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Inflation For Fun and Profit  

5 min read

Part 2, How to Adjust Now 

Inflation being here in force regardless of our desires, last month’s Part 1 demonstrated that, when it comes to operations, your actions depend on what you think about the economic future. By contrast, because every financial transaction (both equity and debt) is a purchase and sale of expected future money for actual cash today, in underwriting your actions must depend on what other people think about the economic future.   

Everyone wants beefy reserves. When volatility is low and money is chasing deals, competitive pressure and the mutual optimism of crowds steadily planes down required collateralized reserves. The instant inflation takes off, the asset managers, whose cautions were overridden in the hothouse, do stress-test analysis on the portfolio, compare it with the remaining fund-level balance and blanch.   

‘Triage’ becomes the unmentionable omnipresent concept. Presentation of portfolio stress-test scenarios triggers muttered senior leadership conclaves with dog-whistle phrases, like ‘finite resources’ and ‘corporate sustainability.’ Each property or developer relationship that the fund determines it must support implicitly rejects supporting others less in favor. These decisions are unpleasant to make, often based on self-interested considerations, and seldom communicated to the unfunded until the cupboard is bare. 

The debt markets’ time horizons shorten. Inflation blurs investors’ sight and shrinks their confidence. Not only do interest rates rise, the yield curve also does too (longer fixed debt greater spreads). So does the less-documented risk curve (spreads above safe rates, such as like-term Treasuries). Rising spread costs of hedging future interest-rate risk gives developers a Hobson’s choice: Pay ‘too much’ to fix the interest rate or try raising equity atop modernized long-term low-floaters, fund the interest-rate hedge in higher collateralized reserves and wind up with similar ultimate economics.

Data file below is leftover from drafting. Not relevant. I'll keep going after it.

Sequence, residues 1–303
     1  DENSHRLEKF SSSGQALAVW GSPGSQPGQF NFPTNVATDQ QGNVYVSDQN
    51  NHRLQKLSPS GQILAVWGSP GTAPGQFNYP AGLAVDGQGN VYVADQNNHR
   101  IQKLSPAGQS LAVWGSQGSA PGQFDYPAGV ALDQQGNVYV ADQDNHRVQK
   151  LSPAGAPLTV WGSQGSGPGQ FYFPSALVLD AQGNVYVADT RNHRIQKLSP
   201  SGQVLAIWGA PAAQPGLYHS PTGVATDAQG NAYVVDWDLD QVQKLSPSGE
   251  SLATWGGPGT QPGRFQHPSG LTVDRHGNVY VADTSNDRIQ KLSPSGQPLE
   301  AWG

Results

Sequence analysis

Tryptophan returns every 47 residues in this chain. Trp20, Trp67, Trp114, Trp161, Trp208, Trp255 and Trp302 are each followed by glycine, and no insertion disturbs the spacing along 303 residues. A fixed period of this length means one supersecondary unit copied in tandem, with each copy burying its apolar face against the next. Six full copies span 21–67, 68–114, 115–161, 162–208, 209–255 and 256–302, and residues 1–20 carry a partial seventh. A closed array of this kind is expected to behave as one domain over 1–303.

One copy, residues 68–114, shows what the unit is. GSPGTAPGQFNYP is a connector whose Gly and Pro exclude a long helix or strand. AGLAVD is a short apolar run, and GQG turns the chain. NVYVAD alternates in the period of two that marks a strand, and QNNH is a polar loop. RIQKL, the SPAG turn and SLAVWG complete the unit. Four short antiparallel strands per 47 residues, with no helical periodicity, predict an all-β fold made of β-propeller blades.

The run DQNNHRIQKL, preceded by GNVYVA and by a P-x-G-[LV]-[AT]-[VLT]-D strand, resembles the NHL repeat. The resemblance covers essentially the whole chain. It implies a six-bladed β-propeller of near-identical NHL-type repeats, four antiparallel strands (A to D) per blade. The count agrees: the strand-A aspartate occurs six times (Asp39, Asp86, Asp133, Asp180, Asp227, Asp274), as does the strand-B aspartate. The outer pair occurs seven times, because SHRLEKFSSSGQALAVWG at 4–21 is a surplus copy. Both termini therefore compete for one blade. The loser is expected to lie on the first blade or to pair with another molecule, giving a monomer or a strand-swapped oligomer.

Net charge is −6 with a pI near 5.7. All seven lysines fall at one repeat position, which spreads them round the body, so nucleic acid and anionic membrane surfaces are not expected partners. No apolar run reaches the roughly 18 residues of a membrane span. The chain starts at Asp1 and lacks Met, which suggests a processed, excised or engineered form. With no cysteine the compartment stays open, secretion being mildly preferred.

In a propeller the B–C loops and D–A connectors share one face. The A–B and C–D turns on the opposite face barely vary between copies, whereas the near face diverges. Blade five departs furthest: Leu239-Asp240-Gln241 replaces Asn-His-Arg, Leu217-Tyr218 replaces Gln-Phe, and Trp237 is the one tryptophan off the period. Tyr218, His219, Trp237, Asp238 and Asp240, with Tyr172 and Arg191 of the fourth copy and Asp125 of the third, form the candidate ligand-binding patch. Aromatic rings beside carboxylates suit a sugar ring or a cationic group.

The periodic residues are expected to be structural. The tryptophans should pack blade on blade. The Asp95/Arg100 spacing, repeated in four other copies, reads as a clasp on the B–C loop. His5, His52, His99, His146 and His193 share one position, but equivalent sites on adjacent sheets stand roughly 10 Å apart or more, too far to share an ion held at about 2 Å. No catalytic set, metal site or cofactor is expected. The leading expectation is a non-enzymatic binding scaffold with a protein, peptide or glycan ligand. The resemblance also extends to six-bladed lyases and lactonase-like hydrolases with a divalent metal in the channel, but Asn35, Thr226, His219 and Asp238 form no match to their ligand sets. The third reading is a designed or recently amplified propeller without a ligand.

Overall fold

Tax-exempt bonds rise in usage. If both inflation and interest rates rise, the relative appeal of tax-exempt bond transactions will also rise. Not only do wider risk spreads raise all rates, widening gaps in taxable and tax-exempt rates make it more likely that sponsors will pursue volume cap, not just for the four percent credits, but also for their debt service advantages. 

New pricing weakens. Even as the cost (spread) of a long-term fixed-rate loan rises, Low Income Housing Tax Credit equity prices come under pressure. With nine and four percent credits locked by (twice amended) statute, both rising interest rates and rising yield expectations for other equities put downward pressure on LIHTC pricing.   

Fortunately, financial institutions’ unceasing appetite for positive Community Reinvestment Act investments, coupled with rising emphasis on racial equity and Environmental, Social and Governance investments, means that LIHTC equity will always have price support. Yet pricing will slip, especially for weaker sponsors, softer markets with less rental advantage and places with less social-justice sizzle. Though this will not be a rerun of 2008, where for a few landlocked states there was no LIHTC equity at any ready-money bid price, post-award prices sliding into retreat will force many stretched transactions into re-underwriting.